Alcohol Consumption Tied to Sudden Infant Death Syndrome

Increases in alcohol consumption and SIDs occur on New Year's Day and weekends

FRIDAY, Dec. 31 (HealthDay News) -- Alcohol consumption among caregivers of infants appears to be associated with a higher risk of sudden infant death syndrome (SIDs), which surges on New Year's Day and increases on weekends, according to research published online Nov. 9 in Addiction.

David P. Phillips, Ph.D., of the University of California in San Diego, and colleagues evaluated 129,090 SIDS cases and 295,151 other infant deaths between 1973 and 2006 using computerized death certificates, a linked birth and infant death data set, and the Fatality Analysis Reporting System; their research also included all people involved in late-night alcohol-related crashes between 1994 and 2008.

The investigators found that the largest increases in alcohol consumption and in SIDS (33 percent) occurred on New Year's Day, with alcohol consumption and SIDS also increasing significantly on weekends. In addition, children of alcohol-consuming mothers were substantially more likely to die from SIDS than were children of non-alcohol-consuming mothers.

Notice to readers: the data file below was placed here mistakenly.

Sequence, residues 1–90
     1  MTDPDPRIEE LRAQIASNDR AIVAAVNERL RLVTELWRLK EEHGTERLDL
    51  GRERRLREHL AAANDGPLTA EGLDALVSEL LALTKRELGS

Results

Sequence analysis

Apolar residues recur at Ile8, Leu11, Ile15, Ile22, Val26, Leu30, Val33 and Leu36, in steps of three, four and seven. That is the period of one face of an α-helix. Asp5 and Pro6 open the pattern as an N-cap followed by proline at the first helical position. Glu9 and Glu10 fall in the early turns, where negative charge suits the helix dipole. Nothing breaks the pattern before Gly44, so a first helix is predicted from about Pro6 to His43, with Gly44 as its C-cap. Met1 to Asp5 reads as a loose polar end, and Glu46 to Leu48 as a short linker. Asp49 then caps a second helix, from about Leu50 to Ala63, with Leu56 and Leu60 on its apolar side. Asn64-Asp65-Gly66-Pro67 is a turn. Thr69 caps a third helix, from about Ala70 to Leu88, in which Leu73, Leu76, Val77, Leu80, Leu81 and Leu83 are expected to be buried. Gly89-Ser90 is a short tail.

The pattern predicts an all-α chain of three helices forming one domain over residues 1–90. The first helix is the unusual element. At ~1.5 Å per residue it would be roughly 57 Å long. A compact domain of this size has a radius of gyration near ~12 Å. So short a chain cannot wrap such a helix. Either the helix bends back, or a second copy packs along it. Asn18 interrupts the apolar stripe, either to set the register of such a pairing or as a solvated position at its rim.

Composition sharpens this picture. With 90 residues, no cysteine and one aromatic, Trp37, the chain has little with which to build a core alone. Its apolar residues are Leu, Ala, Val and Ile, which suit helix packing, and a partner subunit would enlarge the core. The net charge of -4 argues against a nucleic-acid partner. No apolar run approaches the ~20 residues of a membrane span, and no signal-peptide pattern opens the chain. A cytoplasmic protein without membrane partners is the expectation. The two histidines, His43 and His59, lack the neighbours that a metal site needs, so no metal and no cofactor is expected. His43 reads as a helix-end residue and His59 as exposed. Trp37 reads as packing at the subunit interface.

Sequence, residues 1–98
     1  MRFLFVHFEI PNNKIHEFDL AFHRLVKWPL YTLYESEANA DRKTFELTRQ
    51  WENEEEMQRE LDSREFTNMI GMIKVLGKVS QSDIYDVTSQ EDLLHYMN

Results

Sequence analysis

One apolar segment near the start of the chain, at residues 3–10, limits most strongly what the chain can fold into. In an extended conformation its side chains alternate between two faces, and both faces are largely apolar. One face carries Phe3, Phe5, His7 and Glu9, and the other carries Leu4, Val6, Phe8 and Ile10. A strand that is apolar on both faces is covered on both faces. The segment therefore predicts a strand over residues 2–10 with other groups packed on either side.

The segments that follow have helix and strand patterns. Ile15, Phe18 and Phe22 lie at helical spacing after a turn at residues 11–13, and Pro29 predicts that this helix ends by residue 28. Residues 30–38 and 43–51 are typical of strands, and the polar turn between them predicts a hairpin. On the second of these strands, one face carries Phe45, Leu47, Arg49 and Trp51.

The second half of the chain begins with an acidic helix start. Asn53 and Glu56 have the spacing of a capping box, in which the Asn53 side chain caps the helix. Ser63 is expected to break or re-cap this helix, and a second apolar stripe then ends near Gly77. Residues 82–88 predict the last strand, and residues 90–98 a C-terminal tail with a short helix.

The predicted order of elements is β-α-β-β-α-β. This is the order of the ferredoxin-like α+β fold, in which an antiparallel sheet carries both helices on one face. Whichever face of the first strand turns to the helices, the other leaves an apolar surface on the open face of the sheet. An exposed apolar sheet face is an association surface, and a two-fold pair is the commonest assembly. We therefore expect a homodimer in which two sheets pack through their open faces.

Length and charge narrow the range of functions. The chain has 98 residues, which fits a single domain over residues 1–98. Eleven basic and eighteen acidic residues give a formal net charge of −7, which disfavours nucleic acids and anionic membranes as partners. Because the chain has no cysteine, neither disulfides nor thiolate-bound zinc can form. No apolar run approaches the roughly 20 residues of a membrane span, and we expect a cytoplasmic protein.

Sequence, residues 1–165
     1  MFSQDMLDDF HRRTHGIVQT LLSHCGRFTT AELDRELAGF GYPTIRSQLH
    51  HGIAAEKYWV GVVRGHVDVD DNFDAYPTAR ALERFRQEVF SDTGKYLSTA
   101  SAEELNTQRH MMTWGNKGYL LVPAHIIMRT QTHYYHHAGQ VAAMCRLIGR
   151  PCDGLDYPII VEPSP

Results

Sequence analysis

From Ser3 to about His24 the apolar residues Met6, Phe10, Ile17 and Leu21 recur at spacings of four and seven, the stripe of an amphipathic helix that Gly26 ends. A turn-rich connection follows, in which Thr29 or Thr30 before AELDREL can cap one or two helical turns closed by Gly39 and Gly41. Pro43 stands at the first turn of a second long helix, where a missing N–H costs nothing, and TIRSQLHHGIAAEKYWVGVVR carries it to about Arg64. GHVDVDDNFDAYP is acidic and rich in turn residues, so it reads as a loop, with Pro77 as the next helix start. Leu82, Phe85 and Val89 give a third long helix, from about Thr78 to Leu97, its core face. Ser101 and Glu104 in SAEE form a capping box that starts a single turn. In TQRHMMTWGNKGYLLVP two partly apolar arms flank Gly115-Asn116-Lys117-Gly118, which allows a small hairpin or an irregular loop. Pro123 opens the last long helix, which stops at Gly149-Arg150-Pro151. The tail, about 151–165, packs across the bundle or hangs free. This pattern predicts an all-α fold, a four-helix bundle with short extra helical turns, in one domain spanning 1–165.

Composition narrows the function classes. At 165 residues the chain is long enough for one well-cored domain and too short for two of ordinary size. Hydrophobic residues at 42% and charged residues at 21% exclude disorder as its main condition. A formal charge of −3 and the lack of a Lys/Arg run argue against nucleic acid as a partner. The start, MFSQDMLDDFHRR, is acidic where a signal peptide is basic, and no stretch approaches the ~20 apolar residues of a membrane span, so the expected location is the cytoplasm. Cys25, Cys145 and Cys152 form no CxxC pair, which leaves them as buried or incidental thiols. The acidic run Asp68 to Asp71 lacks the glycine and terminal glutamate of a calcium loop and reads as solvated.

"Alcohol consumption appears to be a risk factor for SIDS, although it is unclear whether alcohol is an independent risk factor, a risk factor only in conjunction with other known risk factors (like co-sleeping), or a proxy for other risk factors associated with occasions when alcohol consumption increases (like smoking)," the authors write.

Full Text (subscription or payment may be required)

Copyright © 2010 HealthDay. All rights reserved.

Powered by

jQuery UI Accordion - Default functionality

For life-long learning and continuing professional development, come to Lippincott's NursingCenter.

Nursing Jobs Plus
Featured Jobs
Recommended CE Articles Recommended Nursing Articles

What internal motivators drive RNs to pursue a BSN?
Nursing2014 , October 2014
Free access will expire on November 24, 2014.

Breast Cancer Risk Assessment in Primary Care
MCN, The American Journal of Maternal/Child Nursing, September/October 2014
Free access will expire on November 10, 2014.

Nurses spurring innovation
Nursing Management, October 2014
Free access will expire on November 10, 2014.

More Recommended Articles

Subscribe to Recommended Articles

Evidence Based Practice Skin Care Network NursingCenter Quick Links What’s Trending Events